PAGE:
High tides and cold sea temperatures spark RNLI Easter holiday safety advice
As many schools in Wales prepare to break for the Easter holiday later this week, the RNLI charity is urging those planning to visit the coast to do so safely.
The warning comes ahead of some of the highest tides of the year over the Easter weekend, which, historically, often see people cut off and requiring the RNLI’s help.
The charity is also reminding people that despite the temptation to have a dip, the sea is still incredibly cold, increasing the risk of cold water shock. With an increase in people using the sea for activities such as kayaking and paddleboarding, the charity is also urging people to be mindful of offshore winds and the risk of being swept out to sea.
Chris Cousens, RNLI Water Safety Lead for Wales says:
‘The good weather in March saw more people taking to the sea on stand up paddleboards and we expect to see the same once the schools break. Unfortunately volunteer RNLI lifeboat crews were called to a number of emergencies where paddleboarders were blown away from the safety of the shore by offshore winds and were unable to return without assistance.
‘Avoid using stand up paddleboards when the wind is blowing from the land to the sea, always carry a means of calling for help and keep it on your person and in an emergency always stay with your paddleboard as it will help you stay afloat.’
With schools breaking, RNLI lifeguards will return to their posts at some locations across Wales this weekend. From 10am this Saturday (9 April) the charity’s lifeguards will return to their posts at Swansea’s Langland Bay, Caswell and Three Cliffs Bay, as well as Whitesands in Pembrokeshire. Daily safety patrols will be provided by the charity’s lifeguards between the hours of 10am-6pm.
In North Wales, the RNLI is calling on families to take their own safety seriously and be mindful of risks, especially during the forthcoming Spring tides, where the tidal movement is greater than usual. The biggest tides over the Easter period fall on Easter Sunday and Monday (17-18 April) the holiday is likely to see an increased number of people visiting the coast.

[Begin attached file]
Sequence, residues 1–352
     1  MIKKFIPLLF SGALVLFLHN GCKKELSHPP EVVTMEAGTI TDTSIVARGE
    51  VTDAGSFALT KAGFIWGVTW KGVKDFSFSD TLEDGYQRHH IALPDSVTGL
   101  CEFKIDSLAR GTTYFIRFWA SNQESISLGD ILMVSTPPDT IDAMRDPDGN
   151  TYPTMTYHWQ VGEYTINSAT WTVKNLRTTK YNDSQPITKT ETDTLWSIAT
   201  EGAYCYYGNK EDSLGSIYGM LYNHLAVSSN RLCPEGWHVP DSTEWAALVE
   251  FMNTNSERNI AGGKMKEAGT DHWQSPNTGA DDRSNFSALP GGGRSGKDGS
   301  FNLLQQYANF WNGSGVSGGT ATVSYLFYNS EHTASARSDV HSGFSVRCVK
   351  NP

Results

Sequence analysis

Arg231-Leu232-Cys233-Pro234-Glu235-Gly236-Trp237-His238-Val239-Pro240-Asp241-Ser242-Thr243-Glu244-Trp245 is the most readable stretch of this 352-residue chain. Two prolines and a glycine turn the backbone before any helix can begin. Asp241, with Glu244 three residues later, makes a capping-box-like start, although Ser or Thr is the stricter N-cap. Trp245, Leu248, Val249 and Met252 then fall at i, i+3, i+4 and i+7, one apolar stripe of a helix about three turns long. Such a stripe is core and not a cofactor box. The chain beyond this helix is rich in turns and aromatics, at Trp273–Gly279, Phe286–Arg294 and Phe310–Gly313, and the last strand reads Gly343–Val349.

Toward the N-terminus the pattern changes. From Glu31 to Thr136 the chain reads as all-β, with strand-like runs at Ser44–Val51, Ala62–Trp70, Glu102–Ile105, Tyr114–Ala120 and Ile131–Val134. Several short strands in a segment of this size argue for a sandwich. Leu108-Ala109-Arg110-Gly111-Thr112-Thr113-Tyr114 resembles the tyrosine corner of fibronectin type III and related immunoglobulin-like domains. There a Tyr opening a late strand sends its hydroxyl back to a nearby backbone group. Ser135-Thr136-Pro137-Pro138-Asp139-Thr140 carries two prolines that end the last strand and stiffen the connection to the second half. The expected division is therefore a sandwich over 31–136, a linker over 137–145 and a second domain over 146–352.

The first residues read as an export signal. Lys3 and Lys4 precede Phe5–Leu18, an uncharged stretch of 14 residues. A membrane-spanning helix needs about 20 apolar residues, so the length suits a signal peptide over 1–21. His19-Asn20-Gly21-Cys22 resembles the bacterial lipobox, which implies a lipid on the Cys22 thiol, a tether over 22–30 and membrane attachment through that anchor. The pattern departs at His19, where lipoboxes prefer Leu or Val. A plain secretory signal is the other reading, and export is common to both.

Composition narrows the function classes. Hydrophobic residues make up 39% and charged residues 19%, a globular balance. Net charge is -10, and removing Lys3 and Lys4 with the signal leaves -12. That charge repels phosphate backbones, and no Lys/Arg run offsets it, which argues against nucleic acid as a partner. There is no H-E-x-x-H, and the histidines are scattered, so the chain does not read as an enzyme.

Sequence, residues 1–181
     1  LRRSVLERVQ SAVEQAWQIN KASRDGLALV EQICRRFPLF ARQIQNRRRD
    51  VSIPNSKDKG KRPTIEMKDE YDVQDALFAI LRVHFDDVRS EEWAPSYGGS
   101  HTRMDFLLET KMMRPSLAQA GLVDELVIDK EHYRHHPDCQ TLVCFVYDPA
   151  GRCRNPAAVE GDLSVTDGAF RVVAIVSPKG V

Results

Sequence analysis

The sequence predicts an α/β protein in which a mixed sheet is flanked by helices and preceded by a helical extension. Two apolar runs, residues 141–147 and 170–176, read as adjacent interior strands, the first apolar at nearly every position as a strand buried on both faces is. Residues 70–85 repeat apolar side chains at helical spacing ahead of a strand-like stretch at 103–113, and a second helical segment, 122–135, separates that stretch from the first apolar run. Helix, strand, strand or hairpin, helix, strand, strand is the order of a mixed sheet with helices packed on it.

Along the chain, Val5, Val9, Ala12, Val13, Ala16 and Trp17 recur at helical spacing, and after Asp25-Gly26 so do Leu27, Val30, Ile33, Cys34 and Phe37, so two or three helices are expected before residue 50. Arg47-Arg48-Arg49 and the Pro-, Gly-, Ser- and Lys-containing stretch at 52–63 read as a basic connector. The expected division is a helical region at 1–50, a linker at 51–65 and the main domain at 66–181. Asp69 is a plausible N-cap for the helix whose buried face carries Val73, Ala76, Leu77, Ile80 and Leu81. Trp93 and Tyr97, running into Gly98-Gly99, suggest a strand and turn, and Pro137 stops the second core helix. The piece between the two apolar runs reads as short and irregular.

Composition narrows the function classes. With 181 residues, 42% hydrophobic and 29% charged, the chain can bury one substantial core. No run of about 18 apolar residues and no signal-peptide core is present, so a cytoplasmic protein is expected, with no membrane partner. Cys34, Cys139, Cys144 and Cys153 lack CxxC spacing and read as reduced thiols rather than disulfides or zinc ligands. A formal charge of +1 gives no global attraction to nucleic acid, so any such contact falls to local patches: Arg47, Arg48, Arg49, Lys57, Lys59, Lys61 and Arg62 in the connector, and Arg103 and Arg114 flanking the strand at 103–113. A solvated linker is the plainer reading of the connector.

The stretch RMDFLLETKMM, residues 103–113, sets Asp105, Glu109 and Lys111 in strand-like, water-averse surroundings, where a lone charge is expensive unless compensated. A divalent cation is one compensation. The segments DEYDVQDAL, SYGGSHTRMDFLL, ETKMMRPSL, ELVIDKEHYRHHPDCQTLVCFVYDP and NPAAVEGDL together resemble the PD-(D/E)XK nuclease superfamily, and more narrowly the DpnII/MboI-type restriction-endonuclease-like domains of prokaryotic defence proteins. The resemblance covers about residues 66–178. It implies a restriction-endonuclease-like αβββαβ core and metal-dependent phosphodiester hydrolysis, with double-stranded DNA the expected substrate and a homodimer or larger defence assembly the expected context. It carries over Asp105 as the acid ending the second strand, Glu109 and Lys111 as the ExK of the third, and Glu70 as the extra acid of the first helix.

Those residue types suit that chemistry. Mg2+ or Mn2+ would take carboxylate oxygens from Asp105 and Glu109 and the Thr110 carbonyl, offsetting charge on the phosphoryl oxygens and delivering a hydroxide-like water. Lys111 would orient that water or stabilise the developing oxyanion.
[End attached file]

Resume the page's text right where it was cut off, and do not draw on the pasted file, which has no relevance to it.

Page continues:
RNLI statistics for Wales show people getting cut off by the tide caused almost 10% of all RNLI lifeboat launches over the last decade - more than double the UK average. Lifeguards rescue hundreds more stranded people every year.
Chris Cousens adds:
‘At this time of year the weather is usually starting to improve and there is a real temptation for families to enjoy a visit to the coast. We want people to enjoy their Easter and are therefore keen they take heed of important advice to ensure their trip is not memorable for all the wrong reasons. The Easter weekend, the higher than usual tides, coinciding with many families taking time out from work and school could potentially create anincrease in call outs for our volunteers.
‘The tide comes in and out twice in each 24 hour period, and while tide times can be accurately predicted, they vary at each location and change each day. A beach or coastal area may appear a safe place for a walk, but incoming tide can quickly leave you stranded. On bigger tides like those we will see over the weekend, places will be cut off by the tide quicker than normal and places usually unaffected by the tide may also get cut off.
‘That’s why checking the weather and tides using a trusted online source, such as magicseaweed.com, the BBC weather or a tidal prediction app before setting off on any trip is essential.
The RNLI is urging anyone choosing to visit the coast to make sure they keep themselves and their families safe by following beach safety advice:
· Wherever you are, check the weather forecast, tide times and read local hazard signage to understand local risks
· If you fall into the water unexpectedly, FLOAT TO LIVE. Fight your instinct to thrash around, lean back, extend your arms and legs, and Float.
· In an emergency dial 999 and ask for the Coastguard.
Notes to Editors
For more information, please contact Danielle Rush, RNLI Media Relations Manager in Wales and the North West on 07886 668829. Alternatively, please call the RNLI Press Office on 01202 336 789 or email [email protected].
Key facts about the RNLI
The RNLI charity saves lives at sea. Its volunteers provide a 24-hour search and rescue service around the United Kingdom and Republic of Ireland coasts. The RNLI operates 238 lifeboat stations in the UK and Ireland and more than 240 lifeguard units on beaches around the UK and Channel Islands. The RNLI is independent of Coastguard and government and depends on voluntary donations and legacies to maintain its rescue service. Since the RNLI was founded in 1824, its lifeboat crews and lifeguards have saved over 142,700 lives.
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